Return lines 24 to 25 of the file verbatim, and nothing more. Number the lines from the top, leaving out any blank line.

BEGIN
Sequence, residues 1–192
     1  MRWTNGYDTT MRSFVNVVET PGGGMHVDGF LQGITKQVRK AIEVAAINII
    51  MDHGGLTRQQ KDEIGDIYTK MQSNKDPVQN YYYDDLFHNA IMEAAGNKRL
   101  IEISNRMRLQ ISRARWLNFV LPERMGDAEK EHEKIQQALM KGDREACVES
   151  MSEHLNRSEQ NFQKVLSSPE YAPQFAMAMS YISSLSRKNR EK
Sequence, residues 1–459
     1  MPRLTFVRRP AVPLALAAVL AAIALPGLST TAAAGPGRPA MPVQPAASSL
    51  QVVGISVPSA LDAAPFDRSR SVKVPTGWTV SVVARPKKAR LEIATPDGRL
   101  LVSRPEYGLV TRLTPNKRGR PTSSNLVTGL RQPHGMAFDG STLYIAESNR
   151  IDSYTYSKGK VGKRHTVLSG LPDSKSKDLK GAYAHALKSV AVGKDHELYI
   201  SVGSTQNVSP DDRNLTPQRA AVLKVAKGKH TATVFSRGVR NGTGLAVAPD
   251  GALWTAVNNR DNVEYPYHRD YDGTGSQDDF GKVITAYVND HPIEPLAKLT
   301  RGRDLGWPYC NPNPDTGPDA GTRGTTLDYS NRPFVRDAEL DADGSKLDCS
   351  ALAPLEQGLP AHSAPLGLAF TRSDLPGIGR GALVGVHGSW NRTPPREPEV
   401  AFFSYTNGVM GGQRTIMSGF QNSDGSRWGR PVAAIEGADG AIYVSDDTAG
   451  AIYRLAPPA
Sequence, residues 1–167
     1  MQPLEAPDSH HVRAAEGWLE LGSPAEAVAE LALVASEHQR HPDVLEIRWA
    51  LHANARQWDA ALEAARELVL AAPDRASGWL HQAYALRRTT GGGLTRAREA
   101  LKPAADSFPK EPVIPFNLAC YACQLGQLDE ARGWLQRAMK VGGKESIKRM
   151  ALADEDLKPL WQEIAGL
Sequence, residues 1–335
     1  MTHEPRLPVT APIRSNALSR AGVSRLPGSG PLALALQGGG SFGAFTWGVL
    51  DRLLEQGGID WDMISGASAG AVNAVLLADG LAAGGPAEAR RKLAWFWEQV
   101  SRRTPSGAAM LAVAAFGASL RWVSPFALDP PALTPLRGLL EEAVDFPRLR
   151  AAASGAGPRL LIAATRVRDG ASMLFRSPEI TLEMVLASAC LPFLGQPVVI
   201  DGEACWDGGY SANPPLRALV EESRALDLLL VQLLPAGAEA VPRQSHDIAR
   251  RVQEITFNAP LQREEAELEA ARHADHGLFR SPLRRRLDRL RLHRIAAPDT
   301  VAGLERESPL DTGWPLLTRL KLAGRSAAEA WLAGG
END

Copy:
    51  DRLLEQGGID WDMISGASAG AVNAVLLADG LAAGGPAEAR RKLAWFWEQV
   101  SRRTPSGAAM LAVAAFGASL RWVSPFALDP PALTPLRGLL EEAVDFPRLR